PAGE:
Reducing my reading load in 2013 and onward allowed me to:
- Write longer, more in-depth reviews. At no point in 2012 did I write such lengthy analyses as, say, January 2016's take on Blue Latitudes by Tony Horwitz, or this past Christmas's "November" entry on The Winter Family by Clifford Jackman. Easing off on my raw reading load has hopefully resulted in more reviews that'll stand the test of time.
- Write more entries comparing fiction to other media. Examples: August 2016's discussion of the use of technology to learn William Shakespeare's The Tempest; July 2018's "Design Space in Fiction" (comparing fiction to card game design). Whatever value you find in these, it's probably greater than a prosaic box-ticking stating that I have indeed read The Hunger Games.
- Selectively pick out "Bonus Books", which are like a cross between Book a Week and the usual Book a Month. Example: The Big Sleep by Raymond Chandler.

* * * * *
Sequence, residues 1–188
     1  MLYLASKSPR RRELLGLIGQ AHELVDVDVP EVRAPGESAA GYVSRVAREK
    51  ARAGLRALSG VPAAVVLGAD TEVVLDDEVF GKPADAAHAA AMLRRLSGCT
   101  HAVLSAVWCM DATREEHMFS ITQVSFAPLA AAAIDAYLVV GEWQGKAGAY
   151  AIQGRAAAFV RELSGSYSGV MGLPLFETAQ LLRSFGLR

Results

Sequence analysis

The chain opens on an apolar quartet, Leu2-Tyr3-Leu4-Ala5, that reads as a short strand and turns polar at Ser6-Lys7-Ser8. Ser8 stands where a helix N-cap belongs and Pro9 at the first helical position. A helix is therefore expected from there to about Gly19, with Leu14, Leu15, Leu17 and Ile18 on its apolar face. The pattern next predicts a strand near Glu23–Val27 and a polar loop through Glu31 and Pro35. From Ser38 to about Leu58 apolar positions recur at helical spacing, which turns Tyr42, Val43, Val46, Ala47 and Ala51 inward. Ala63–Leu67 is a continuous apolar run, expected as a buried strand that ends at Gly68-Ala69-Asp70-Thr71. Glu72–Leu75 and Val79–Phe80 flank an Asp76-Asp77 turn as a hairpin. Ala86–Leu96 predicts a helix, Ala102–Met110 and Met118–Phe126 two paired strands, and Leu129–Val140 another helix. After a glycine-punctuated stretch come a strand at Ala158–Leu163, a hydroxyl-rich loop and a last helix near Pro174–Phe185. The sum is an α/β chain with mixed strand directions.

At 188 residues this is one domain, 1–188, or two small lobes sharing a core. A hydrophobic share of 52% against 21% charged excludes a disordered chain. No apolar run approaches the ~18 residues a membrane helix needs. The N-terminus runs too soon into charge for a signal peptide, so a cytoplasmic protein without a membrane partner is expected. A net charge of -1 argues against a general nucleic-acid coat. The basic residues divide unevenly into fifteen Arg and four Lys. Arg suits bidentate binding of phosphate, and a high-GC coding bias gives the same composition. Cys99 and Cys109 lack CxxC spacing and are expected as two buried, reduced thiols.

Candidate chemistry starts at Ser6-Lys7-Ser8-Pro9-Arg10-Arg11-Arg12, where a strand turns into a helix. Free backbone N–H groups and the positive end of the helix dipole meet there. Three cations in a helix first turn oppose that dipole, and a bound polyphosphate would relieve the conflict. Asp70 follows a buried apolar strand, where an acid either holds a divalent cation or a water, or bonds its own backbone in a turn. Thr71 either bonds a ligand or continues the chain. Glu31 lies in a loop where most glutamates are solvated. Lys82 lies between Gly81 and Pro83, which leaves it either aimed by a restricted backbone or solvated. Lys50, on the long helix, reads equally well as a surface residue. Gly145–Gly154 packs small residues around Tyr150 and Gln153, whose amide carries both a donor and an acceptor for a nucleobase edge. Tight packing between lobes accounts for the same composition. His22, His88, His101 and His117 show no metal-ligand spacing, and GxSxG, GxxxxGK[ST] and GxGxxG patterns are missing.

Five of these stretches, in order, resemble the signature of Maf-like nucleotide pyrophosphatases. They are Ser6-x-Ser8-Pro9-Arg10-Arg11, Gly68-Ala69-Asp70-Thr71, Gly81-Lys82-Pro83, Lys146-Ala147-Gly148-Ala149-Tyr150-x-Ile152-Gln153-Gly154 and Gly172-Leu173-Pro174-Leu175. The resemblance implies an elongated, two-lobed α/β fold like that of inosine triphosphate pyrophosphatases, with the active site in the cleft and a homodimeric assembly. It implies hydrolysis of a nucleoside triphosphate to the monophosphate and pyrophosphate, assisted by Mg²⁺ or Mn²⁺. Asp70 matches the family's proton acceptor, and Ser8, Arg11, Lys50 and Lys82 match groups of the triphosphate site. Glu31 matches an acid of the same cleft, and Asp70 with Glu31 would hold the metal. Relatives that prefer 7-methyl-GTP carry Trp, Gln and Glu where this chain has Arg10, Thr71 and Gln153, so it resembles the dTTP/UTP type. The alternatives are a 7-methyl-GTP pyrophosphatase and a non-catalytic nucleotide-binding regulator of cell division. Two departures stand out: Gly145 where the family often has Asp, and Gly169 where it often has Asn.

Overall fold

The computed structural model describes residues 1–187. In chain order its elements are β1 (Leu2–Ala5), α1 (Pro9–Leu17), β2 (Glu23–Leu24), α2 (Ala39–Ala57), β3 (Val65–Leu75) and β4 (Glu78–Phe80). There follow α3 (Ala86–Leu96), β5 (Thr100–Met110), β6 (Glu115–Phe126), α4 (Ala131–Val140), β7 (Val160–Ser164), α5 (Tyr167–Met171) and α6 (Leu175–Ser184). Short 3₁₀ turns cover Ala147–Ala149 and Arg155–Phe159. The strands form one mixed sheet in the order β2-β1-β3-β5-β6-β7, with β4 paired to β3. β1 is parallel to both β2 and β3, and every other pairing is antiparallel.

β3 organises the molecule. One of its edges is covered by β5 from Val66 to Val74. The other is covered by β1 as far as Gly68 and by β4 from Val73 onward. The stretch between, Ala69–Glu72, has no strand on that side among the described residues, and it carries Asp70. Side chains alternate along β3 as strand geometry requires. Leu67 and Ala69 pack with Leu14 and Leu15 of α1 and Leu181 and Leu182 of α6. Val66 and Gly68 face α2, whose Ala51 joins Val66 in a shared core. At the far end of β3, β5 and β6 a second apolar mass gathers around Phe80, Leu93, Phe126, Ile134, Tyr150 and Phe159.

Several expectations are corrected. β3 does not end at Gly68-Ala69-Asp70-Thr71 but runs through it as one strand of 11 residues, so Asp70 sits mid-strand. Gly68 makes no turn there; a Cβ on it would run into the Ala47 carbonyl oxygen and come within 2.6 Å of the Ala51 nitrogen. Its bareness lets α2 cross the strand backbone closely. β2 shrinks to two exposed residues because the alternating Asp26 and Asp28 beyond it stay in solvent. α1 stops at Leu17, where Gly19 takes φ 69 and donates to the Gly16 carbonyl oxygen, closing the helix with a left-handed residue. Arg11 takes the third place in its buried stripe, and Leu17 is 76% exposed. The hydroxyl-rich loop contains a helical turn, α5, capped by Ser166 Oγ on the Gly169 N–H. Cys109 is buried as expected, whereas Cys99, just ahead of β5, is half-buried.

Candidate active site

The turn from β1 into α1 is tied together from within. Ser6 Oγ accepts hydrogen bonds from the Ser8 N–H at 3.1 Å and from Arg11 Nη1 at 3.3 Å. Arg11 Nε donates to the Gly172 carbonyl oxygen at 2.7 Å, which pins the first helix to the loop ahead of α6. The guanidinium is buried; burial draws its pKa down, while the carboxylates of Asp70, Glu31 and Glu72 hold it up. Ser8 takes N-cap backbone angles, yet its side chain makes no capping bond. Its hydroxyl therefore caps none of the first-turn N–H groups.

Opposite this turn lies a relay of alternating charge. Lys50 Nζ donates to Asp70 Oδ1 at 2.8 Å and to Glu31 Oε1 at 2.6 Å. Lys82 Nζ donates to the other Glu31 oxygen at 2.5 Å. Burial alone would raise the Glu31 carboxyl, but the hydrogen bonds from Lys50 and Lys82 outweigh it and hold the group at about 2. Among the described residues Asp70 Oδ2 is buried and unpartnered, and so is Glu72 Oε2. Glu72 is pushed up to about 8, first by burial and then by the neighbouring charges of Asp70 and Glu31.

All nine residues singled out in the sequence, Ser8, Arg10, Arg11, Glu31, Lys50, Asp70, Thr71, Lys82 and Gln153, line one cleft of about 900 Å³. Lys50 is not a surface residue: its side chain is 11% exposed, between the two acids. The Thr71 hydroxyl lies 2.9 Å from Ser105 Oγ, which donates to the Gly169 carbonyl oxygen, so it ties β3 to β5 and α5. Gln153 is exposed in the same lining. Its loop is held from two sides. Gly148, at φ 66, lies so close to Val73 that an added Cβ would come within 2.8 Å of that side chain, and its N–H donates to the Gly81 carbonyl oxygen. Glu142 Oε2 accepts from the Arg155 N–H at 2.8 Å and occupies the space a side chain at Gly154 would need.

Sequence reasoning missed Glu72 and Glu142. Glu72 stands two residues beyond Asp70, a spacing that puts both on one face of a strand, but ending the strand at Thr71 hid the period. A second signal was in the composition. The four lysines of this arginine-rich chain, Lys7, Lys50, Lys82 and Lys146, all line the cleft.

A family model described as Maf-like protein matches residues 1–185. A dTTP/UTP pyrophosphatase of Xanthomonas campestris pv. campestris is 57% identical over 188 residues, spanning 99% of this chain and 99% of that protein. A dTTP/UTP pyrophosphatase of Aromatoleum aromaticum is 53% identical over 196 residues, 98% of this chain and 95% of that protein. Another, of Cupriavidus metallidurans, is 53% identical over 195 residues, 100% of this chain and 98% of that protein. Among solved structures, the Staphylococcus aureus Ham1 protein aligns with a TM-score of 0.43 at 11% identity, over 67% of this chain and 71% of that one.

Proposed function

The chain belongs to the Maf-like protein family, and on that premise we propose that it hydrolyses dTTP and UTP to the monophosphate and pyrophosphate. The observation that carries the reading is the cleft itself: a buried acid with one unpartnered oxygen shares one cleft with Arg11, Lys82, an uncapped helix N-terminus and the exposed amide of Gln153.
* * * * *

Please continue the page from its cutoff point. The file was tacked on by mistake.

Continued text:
- Live the rest of my life! There's no way I'd do everything from support Toronto Cat Rescue to make my own homemade hot sauce if I still read and reviewed 52 books each year. On the upside, joining a gym has actually made me read more books, as the transit rides to and from the gym are great reading opportunities.
2019 presents a unique opportunity, though: an abundance of public transit rides, combined with a recent surge of trips to used book stores, means I now have my largest to-read pile since 2012. Exactly how fast I get through them will depend on the rest of life, but here's a short sampling in no order:
- February's Book (this will be reviewed very soon, and also tied into other media!)
- Babylon Berlin by Volker Kutscher
- Throne of Jade by Naomi Novik (yes, I have the first one too)
- Lord Brocktree by Brian Jacques (because when you can have more Redwall...)
- Dancing in the Dark by Morris Dickstein
- Palimpsest by Matthew Battles
Whether this list gets me to July, we'll see. There may have to be a spreadsheet categorizing them all by genre, though...